I finally decided I would write a book to address who my father really was, and to address who should be held responsible for his death. The book is based on my personal life beside my father, my in-depth knowledge surrounding his shooting, and what I’ve come to learn was a suspiciously flawed investigation into his death.

At the time of his shooting, my father had made enemies of the FBI, the NYPD, and various members involved in organized crime. In many ways, my father’s shooting parallels the assassination of JFK. After all the shock and finger pointing, an official investigation embraced a “lone gunman” theory."

Click image to purchase.


He further notes that even though after a year-long investigation, the NYPD closed the case, claiming Johnson was a lone gunman, two key members of law enforcement were convinced Colombo was killed as part of a larger conspiracy.

Chief of Detectives of the New York Police Department Albert Seedman, within days of the murders, made comments to the media about there being a mob-related conspiracy. He later wrote a book about it, Chief!.

Another law enforcement official, Daniel P. Hollman, then the Chief of the Joint Strike Force to Combat Organized Crime, also believed a conspiracy had been at work on that summer day in 1971. Only Hollman didn't believe Johnson was a mob associate. "He noted how organized crime members would never send a crazed gunman shooting into a crowd of women and children."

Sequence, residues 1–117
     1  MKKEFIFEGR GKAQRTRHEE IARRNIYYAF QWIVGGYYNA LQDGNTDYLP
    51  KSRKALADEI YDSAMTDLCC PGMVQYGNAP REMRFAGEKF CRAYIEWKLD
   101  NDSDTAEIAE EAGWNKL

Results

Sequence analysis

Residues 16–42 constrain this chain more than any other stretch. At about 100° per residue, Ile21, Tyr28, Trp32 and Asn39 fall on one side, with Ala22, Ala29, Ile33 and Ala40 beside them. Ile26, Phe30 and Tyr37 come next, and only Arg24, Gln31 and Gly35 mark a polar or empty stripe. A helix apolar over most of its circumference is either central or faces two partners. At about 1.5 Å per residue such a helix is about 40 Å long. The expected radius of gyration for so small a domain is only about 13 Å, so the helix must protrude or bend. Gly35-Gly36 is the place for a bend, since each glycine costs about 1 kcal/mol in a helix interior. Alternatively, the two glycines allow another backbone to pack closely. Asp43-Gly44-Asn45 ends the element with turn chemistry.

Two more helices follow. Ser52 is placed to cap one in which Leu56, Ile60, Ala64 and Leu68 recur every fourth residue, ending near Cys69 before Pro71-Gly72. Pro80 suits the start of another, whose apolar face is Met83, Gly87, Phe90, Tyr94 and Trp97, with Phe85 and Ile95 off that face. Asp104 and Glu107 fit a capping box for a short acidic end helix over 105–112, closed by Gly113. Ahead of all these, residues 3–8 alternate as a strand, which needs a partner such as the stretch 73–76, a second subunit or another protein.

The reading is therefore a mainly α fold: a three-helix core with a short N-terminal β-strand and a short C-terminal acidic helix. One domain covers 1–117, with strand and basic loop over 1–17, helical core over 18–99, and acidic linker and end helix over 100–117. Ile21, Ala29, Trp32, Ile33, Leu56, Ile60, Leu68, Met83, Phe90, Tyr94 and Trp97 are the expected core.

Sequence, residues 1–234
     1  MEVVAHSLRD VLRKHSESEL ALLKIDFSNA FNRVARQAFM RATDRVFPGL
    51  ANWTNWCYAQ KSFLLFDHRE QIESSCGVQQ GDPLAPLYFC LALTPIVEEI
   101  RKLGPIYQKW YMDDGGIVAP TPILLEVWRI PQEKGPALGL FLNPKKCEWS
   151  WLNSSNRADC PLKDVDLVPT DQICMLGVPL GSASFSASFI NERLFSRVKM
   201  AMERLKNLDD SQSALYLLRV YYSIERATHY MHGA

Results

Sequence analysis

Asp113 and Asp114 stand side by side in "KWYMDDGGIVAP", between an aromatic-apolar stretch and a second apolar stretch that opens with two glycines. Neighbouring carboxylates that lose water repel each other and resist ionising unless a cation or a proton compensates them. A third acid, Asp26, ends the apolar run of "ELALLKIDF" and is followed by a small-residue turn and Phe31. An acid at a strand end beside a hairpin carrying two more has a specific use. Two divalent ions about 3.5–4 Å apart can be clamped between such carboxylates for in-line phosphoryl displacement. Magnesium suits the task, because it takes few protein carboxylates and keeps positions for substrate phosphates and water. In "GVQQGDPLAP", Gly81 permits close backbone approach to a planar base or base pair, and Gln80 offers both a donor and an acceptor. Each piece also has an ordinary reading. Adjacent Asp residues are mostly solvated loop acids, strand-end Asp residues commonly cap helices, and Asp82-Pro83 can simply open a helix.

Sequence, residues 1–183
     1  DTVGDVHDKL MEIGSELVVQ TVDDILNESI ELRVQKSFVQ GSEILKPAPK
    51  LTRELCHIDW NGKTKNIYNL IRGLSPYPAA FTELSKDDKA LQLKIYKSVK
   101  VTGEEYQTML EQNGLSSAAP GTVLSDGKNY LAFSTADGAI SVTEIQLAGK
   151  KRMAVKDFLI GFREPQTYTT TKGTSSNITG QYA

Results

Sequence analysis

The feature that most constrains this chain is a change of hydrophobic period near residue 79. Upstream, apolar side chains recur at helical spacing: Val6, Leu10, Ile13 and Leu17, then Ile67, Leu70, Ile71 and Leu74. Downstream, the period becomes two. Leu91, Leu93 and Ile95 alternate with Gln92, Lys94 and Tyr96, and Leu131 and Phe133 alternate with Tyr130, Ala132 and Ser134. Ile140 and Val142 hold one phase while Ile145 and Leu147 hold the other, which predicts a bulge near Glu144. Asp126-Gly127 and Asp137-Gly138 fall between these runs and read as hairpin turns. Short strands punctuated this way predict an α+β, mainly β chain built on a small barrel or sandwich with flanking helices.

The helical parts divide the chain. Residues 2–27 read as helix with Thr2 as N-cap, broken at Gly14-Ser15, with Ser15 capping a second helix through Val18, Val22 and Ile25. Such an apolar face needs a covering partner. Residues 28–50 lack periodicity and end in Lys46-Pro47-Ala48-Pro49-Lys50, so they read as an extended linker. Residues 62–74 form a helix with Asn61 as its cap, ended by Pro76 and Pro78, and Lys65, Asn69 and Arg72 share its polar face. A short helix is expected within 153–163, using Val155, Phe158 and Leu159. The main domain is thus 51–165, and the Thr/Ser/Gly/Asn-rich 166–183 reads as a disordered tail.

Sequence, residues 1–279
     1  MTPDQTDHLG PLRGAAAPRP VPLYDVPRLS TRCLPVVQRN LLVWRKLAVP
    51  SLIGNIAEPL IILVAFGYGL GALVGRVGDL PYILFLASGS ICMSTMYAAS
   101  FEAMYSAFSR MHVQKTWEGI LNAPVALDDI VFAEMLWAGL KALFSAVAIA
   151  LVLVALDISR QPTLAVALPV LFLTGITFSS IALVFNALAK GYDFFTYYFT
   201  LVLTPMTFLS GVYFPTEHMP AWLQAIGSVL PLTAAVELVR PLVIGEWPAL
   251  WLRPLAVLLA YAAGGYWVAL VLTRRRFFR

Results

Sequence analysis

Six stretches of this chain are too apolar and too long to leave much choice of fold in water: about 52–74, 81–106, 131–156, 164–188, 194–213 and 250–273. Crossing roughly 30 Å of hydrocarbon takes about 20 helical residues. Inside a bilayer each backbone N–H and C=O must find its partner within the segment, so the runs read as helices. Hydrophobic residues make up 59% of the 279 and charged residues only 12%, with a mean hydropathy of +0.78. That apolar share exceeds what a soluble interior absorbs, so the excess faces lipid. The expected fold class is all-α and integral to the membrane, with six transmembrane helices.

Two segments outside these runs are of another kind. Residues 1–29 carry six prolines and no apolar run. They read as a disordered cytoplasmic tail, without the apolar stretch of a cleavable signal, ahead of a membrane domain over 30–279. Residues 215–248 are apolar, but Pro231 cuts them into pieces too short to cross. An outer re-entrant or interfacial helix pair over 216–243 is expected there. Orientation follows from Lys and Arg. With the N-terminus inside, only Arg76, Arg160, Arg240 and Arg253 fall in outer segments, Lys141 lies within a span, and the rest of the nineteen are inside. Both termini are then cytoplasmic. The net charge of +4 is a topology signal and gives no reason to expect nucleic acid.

So ultimately Anthony is in no way the first or only person to believe that his father's death resulted from a conspiracy; nor is he the first or only one to believe the conspiracy was not mob related.

"I have not been convinced Johnson was a lone gunman. I believe, just as (Seedman and Hollman) both did, that there was a conspiracy in Columbus Circle the day of my father’s shooting."

Colombo: The Unsolved Murder "leans towards a more sophisticated plot arguing that certainly a conspiracy existed, but not one perpetrated by elements of organized crime."


Here's my Q&A with Anthony Colombo.

1. What compelled you to write Colombo: the Unsolved Murder now?

A few years ago I suffered several heart attacks. This unfortunate health crisis allowed me to reflect upon life and a regret which I’ve carried for a long time. In the past 40 years I’ve been approached by major publishers, authors, producers, and all sorts of people to write a book or a screenplay about my father. All of them had a myopic view of my father that was associated only with organized crime so I turned every one of them down. My regret though in turning them down is that I never had the ability to tell the other side of my father’s story, and my story beside him.


"This would also explain why Johnson detonated a bomb at the league’s offices only six months before the shooting. Not many people were aware of this..."